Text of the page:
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Young people share views in Parliament on robotics
04 March 2010
A cohort of young people from across the UK will visit the Houses of Parliament on Tuesday 9 March 2010 to talk about the future of robotics at a specially convened Parliamentary Seminar.
'Robotic Visions, Young People's Views on the Future of Robotics Technology' will be held in the Jubilee Room, Westminster Hall, Houses of Parliament on 9 March 14.00 – 16.00.
The event celebrates a ground breaking series of public engagement activities entitled 'Robotic Visions'. The project provides a unique opportunity for key stakeholders to understand public concerns about robotics research, as well as enabling young people to have their voices heard. The programme so far has involved a series of four 'Vision Conferences' throughout the UK, each bringing together 20-30 young people and robotics researchers to jointly explore current and future robotics research. Conferences have been held in Bristol, Newcastle, Glasgow and Oxford, with another planned in Aberystwyth in summer 2010.
'Robotic Visions' is led by award winning Science Communicator, Dr Karen Bultitude, and Dr Claire Rocks from 'Walking with Robots', a programme which over three years has engaged audiences with the potential of robotics research whilst encouraging them to consider the future impact of robots in society. Roboticists and science centres from throughout the UK contributed specialised expertise, ensuring that the young people were able to consider cutting edge developments during their deliberations.
One of the students attending a previous conference explained their motivations for getting involved: “I have never really thought about robotics before the conference which is why I wanted to go, but it did change the way I feel about robots, about what they can do”.
Another student added: “I learned about things that I had not even considered before… I thought about the ethics and stuff like that and it has made me even more interested in it”.
For the Parliamentary event, student representatives from each of the conferences will
present their region's interests, concerns and conclusions regarding the future use of robotics technology. Representatives from the research and policy communities will also provide short synopses describing the impact of the project on their work.
Speakers include: Dr Lesley Paterson (The Royal Academy of Engineering) who will speak on: 'Involving Young People in Debate and Dialogue Events'; Professor Alan Winfield, (EPSRC Senior Media Fellow and Hewlett-Packard Professor of Electronic Engineering at UWE Bristol) on: 'Why Roboticists and Funders Need to Understand the Concerns and Aspirations of our Children's Generation'; and Professor Peter McOwan, (Queen Mary University of London) on 'Motivations for Dialogue; A Personal View'.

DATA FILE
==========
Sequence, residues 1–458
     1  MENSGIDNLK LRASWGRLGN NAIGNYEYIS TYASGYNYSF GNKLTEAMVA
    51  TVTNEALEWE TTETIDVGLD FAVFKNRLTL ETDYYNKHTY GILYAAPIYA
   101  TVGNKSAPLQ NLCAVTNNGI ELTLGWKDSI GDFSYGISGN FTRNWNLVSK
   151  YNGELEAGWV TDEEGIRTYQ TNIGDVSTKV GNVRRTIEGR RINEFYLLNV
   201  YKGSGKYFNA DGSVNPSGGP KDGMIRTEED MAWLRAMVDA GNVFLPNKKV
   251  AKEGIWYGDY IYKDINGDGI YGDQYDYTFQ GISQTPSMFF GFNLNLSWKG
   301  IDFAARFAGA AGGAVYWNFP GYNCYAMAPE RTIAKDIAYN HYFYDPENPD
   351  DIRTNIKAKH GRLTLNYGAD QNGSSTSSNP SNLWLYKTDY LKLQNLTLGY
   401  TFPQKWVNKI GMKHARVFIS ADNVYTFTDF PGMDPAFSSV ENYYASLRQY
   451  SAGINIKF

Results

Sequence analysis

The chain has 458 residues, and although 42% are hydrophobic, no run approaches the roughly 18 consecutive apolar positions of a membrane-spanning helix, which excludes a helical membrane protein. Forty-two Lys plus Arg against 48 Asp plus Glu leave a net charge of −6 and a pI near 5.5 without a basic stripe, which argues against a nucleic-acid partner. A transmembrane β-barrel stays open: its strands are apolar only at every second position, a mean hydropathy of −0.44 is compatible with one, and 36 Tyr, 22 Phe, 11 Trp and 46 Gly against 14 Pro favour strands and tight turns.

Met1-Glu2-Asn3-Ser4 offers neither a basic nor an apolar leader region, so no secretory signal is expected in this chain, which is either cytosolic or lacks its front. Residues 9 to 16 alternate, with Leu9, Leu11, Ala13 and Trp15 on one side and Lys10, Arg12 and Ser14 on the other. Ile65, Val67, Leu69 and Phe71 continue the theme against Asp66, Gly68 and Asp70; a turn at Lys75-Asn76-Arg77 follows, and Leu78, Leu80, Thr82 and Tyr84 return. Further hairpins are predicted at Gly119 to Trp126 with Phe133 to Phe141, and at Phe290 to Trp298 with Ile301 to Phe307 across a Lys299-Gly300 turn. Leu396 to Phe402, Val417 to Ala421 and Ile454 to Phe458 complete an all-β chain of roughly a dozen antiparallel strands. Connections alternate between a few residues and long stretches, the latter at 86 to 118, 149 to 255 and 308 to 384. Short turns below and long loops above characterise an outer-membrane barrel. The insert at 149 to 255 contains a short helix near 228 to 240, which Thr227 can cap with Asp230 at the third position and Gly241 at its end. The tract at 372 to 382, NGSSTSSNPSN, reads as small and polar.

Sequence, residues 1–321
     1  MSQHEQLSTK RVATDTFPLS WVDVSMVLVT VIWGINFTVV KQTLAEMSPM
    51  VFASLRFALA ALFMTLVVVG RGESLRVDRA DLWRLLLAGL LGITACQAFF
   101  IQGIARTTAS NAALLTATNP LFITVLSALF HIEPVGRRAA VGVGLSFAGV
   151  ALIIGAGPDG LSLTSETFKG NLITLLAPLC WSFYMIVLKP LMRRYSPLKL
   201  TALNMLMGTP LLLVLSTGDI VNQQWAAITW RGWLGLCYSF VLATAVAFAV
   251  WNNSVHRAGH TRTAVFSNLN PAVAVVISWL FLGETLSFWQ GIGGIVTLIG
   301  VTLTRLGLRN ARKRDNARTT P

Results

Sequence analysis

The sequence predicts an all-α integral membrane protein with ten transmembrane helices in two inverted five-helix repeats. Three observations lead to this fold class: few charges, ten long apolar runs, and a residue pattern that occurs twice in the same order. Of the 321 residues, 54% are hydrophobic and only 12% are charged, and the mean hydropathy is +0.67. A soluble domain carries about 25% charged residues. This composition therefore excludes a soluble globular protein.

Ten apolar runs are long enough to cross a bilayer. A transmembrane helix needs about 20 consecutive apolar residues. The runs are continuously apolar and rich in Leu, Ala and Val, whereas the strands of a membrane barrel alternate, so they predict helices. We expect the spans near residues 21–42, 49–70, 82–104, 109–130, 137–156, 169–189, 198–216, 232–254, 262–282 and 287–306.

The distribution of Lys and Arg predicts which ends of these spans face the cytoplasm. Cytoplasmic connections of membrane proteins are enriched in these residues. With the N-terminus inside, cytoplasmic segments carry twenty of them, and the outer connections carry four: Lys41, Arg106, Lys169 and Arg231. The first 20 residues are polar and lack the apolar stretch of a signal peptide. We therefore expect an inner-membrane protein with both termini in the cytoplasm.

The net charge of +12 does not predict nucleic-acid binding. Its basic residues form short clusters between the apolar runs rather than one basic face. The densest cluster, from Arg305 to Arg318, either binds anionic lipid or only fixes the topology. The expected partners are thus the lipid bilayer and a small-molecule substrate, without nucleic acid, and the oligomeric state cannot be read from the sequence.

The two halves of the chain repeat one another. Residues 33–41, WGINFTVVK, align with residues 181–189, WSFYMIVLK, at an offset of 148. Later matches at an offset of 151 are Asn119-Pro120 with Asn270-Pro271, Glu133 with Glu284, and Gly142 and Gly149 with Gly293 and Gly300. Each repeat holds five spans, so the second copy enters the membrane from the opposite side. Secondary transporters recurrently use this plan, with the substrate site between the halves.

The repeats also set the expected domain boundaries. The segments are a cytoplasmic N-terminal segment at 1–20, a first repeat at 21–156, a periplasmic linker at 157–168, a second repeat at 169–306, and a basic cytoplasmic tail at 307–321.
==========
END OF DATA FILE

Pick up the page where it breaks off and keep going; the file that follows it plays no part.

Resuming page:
To date the students have identified three key areas where they foresee robotics research heading: medicine, the military and in the home. Cross-cutting themes have also emerged from the conferences relating to issues around human replacement; trust, reliability and safety; and affordability. The young people also have clear messages to send out, including: “There has to be accountability and hierarchy – no one person with too much control. There need to be lots of checks in the system, monitoring and a licensing system. There needs to be a focus on long-term goals – this goes beyond party politics.
“We want you to consider the problem of who is responsible if a robot goes wrong and have sensible laws in place.
“We feel it is important that the public gets educated about robots, in order to prevent misunderstandings and aid their acceptance”.
Speaking about the event Professor Alan Winfield said, “Young people's views are especially important when we consider future robotics technology: it's their lives that will be most affected. The Vision conferences enabled young people to become involved in this debate; to find out first hand from researchers about what robots can and can't do, and to express their views on how intelligent robots should or should not be used in the future. This event enables the views of young people to be heard at the highest level, and to widen the debate that needs to take place about this technology.”
Robotic Visions is funded by the Engineering and Physical Sciences Research Council and was run in partnership with universities and science centres throughout the UK. For further information visit:
To attend this event please e-mail
or telephone Nadine Walters on 0207 219 8377.
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